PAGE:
Where does India stand: the rejection of EPI
When one speaks of national parks and wildlife sanctuaries, India has been ranked, generally, 179th of 180 in Biodiversity, 175th and 170th out of 180 in the Biodiversity Habitat Index which estimates the effects of habitat loss, degradation, and fragmentation on the expected retention of terrestrial biodiversity, and forms part of the Yale/Columbia Environmental Performance Index (EPI).
Even though India has rejected the EPI, calling it based on “surmises and unscientific methods”, and while there may be some truth to that, one cannot help but notice that a repudiation came only when a country has been placed last, as opposed to ever before, ever since its assessment began (apart from once when India blamed its low ranking on high population, not on methods/calculation.) It sends a dangerous message of selective disagreement, missing out completely the opportunity for introspection and implementation of course-correction, to whatsoever extent possible.
The crossroads that India is on today is one with immense ramifications, the world over. On one path is the oft-tread path of development and on the other is the uncomfortable realisation of the gravity of the situation at hand and the accompanying tough calls that come with it.

Wind bloweth where?
With the EPI rejected, protests against the ESZs are taking place along with a review of the judgement being sought, and other recent judgements of the Supreme Court where non-obtaining of environmental clearances has been termed a “technical irregularity” – in one case (Electrosteel Steels Ltd.), the company had shifted its site of operation by more than five kilometers without obtaining clearance for the new site and in the other (Pahwa Plastics Pvt. Ltd.), a chemical manufacturing unit had received other permits and was functioning without environmental clearances. In both cases economic factors were clearly given primacy, although lip service was paid by saying that these clearances, ex post facto, should not be granted. The judges also said that the same cannot be declined with “pedantic rigidity”; the direction in which the wind blows is clear.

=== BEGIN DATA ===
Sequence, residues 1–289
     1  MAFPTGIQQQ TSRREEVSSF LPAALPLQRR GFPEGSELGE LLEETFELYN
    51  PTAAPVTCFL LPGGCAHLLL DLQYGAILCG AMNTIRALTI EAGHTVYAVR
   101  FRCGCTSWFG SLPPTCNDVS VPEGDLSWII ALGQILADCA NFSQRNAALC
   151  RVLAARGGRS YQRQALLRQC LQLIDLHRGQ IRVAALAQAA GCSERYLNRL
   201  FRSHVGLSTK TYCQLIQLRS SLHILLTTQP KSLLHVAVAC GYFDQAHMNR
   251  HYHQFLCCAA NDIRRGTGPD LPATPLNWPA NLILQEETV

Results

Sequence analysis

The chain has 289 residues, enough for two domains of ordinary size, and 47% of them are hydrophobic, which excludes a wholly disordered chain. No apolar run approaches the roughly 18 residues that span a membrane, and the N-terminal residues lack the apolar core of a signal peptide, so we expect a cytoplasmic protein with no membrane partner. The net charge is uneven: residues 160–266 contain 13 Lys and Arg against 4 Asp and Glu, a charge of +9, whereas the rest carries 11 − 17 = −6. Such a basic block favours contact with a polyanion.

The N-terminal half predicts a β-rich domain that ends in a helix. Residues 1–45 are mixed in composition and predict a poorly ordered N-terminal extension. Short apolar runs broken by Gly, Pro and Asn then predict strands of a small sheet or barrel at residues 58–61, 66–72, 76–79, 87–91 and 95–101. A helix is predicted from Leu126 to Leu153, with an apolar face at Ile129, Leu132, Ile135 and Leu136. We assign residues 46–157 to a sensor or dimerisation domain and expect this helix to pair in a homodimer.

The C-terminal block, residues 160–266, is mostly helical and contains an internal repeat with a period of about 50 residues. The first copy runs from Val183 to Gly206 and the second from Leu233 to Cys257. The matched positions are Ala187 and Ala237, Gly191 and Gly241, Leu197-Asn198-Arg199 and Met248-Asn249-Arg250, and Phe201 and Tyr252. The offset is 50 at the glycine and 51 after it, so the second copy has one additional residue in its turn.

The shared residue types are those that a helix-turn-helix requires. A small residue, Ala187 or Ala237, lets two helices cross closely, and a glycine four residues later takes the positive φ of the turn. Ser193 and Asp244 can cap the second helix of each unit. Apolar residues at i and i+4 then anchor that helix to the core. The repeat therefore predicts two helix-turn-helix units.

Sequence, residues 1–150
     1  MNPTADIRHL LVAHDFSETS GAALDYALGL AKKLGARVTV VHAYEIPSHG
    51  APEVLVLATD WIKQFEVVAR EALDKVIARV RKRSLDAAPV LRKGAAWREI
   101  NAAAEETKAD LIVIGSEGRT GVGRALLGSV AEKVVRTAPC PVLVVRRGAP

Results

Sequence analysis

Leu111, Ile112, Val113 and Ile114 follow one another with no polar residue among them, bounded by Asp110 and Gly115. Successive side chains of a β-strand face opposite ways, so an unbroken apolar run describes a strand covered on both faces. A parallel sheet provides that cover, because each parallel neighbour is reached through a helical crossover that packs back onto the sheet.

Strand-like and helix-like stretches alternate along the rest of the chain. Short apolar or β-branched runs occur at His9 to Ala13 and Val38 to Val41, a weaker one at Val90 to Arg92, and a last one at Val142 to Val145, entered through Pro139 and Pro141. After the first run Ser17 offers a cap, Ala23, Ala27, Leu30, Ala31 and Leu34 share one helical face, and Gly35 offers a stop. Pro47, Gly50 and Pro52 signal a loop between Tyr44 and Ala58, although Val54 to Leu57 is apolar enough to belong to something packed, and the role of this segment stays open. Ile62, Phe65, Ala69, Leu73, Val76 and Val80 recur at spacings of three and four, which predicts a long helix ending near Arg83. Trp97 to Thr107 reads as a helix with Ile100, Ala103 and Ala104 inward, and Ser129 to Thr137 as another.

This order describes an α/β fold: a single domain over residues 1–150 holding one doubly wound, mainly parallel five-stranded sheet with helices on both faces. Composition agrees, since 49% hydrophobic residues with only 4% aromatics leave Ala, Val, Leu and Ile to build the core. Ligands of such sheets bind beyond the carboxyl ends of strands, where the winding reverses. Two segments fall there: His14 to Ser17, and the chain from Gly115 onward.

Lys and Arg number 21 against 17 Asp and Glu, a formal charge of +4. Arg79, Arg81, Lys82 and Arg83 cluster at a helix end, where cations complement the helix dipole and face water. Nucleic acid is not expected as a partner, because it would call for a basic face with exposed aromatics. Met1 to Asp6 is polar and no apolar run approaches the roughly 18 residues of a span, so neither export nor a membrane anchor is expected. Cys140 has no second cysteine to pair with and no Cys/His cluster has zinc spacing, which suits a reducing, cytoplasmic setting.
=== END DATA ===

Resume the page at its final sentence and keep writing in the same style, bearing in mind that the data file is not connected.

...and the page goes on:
Embrace and combat the challenges
It has to be acknowledged that the people whose interests of ‘development’ are going to be affected by the ESZs, their rehabilitation is going to be a difficult task, but then there shall come a time, not too far away, where this will not matter. Key infrastructure, for example in Mumbai (998 buildings), Kochi (349 buildings) will be affected just by a rise in sea levels. Delhi has already touched 49C, and so it is safe to assume it will get worse. Who will be protesting against at that time? Where will these people go?
These uncomfortable situations of having to take tough calls for the environment, will unfortunately, but entirely of our own doing, become a regular part of our lives. Constructive steps must be taken on planning for such eventualities, because at the current rate of emissions and full-steam nature of general human activity, climate related displacement only rises from this point forward. Not only planning, but also eschewing of carefully chosen neutral language with respect to the situation at hand, with changes in the education system, necessarily reflecting the true nature of the issue at hand. The discomfort has to be embraced, not only for it to spur widespread action, but also to be aware of the possible future – a result of indifference and inaction.

The writer is an independent researcher. [email protected]